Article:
As shall be seen, despite its vague terminology and the “shapeless” definition it offers, Article 2 has provided civil law jurisdiction with a common terminology to be used in the development of Private International Law rules and the creation of domestic laws related to trusts and trust-like institutions.


Italy is one of the few civil law jurisdictions which ratified the Hague Convention [19] . It had implemented the Convention by simply stating that it now formed part of Italian Law and did not amend its civil code nor enact a domestic trust law [20] . As a result, only a trust that is governed by the law of a foreign State which has a specific and substantive law on trusts will be recognised in Italy.

Nonetheless, in the twenty years following the ratification of the Hague Convention, the trust institution has gradually established itself as a key player in the social and economic spheres, providing new and attractive solutions for estate planning, family businesses, private succession and the protection of family assets.

At present, trusts are regulated in Italy by the provisions of the Italian civil code and fiscal laws and are subjected to Italian public policy. Thus, the Italian law would recognise a trust governed by foreign law so long as it is compliant with Italian rules regarding forced heirship, spousal property rights (including those on the termination of marriage), provision for the protection of creditors, provisions for the protection of minor and incapable individuals and other provisions considered to be part of Italian public policy (Article 15 of the Hague Convention).

However, according to the current leading opinion of the Italian courts, a person resident or domiciled in Italy (hereinafter “Italian”) can validly settle a trust, governed by foreign law, even if the trust has no international elements or connections besides its proper law. In other words, an Italian settlor can create a trust with Italian trustees who administer the trust’s assets, which are located in Italy, for the benefit of Italian beneficiaries [21] . A trust that has these characteristics is often referred to by Italian practitioners as an “Italian domestic trust” or “trust interni” [22] . The trust interni was almost regulated in legislation in late 1999 [23] but the proposal was put on hold in January 2000 in response to a statement made by the Italian government on its intention to put forward its own proposal [24] . It has yet to do so.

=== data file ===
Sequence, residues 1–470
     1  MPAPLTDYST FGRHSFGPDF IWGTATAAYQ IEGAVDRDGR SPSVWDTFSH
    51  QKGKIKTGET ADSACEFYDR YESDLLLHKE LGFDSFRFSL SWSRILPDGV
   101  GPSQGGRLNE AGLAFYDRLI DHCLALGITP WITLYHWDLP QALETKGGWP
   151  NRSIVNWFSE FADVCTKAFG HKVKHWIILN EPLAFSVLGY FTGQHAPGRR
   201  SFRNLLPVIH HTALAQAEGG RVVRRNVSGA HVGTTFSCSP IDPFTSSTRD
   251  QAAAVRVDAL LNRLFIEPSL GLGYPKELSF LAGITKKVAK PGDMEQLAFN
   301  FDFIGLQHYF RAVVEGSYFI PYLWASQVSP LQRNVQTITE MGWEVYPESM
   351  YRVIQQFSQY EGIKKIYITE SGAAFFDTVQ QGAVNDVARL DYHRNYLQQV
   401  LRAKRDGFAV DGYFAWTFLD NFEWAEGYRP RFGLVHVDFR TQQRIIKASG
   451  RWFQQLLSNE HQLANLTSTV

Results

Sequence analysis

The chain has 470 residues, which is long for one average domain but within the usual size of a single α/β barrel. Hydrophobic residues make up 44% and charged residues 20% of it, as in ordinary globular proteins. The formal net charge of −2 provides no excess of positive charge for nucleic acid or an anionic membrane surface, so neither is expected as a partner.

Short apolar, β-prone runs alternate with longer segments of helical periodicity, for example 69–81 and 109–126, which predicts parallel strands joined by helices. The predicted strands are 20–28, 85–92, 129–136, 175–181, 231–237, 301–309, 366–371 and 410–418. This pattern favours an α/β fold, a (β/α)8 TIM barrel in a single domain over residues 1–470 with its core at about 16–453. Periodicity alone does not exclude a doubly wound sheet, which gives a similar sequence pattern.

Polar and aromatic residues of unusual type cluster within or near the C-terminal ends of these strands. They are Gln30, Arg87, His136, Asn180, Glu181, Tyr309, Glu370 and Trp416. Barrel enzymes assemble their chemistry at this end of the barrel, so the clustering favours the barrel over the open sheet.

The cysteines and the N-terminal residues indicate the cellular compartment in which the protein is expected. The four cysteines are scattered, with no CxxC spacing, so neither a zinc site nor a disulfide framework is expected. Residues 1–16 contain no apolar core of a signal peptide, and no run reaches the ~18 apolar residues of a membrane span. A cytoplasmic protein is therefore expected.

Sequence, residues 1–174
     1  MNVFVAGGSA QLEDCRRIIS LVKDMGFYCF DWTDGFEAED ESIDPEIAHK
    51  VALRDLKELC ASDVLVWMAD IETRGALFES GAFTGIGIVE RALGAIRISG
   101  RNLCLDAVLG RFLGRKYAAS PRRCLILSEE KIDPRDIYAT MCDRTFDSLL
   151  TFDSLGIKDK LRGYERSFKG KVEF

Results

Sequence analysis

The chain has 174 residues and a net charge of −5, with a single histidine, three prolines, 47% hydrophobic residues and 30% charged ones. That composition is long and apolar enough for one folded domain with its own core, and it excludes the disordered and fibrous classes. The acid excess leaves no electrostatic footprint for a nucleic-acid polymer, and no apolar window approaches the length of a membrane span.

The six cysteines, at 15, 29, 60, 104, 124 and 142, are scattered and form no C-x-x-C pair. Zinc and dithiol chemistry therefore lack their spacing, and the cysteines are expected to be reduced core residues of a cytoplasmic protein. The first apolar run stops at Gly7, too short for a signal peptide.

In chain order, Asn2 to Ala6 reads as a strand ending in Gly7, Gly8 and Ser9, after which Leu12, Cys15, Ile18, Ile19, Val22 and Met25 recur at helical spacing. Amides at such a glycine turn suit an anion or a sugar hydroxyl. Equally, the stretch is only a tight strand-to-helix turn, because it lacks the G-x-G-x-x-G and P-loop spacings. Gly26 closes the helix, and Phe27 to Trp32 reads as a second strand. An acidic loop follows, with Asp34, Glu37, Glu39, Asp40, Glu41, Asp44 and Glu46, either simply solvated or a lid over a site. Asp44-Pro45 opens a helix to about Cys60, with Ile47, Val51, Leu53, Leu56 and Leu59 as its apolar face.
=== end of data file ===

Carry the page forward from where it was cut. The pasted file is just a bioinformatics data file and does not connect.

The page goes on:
Despite the Italian legislature failure to provide an adequate codification for the trust interni, the Italian courts have taken the initiative and established, over the years, a legal framework for the application of the Hague Convention in Italy. Such was in the Lucca Tribunal decision in the matter of Cassani c Mattei [25] .

The decision was the first judicial decision made in Italy with regards to the Hague Convention and is therefore of great significance. According to the unofficial translation of the decision [26] , the case concerned an Italian resident in the United States (“the testator”) who died, leaving a daughter as his sole heir. The testator created a discretionary trust in his will for all the needs of his daughter during her lifetime, and for the needs of his daughter’s children until such children reached the age of 25. The daughter rendered her father’s will void, claiming that it had breached her forced heir’s rights. According to Articles 536-548 of the Italian Civil code, dispositions made to a trust by an Italian resident or domicile whose succession is subjected to Italian law cannot infringe the rights of forced heirs; it could therefore be challenged in court. Under Articles 553-564 of the Italian Civil Code, the principal remedy granted to forced heirs who have suffered a prejudice under Italian forced heirship rules is based on the action of “Reduction” (“azione di riduzione”) [27] . However, the daughter did not apply for the remedy of Reduction but rather for the declaration of the trust as void.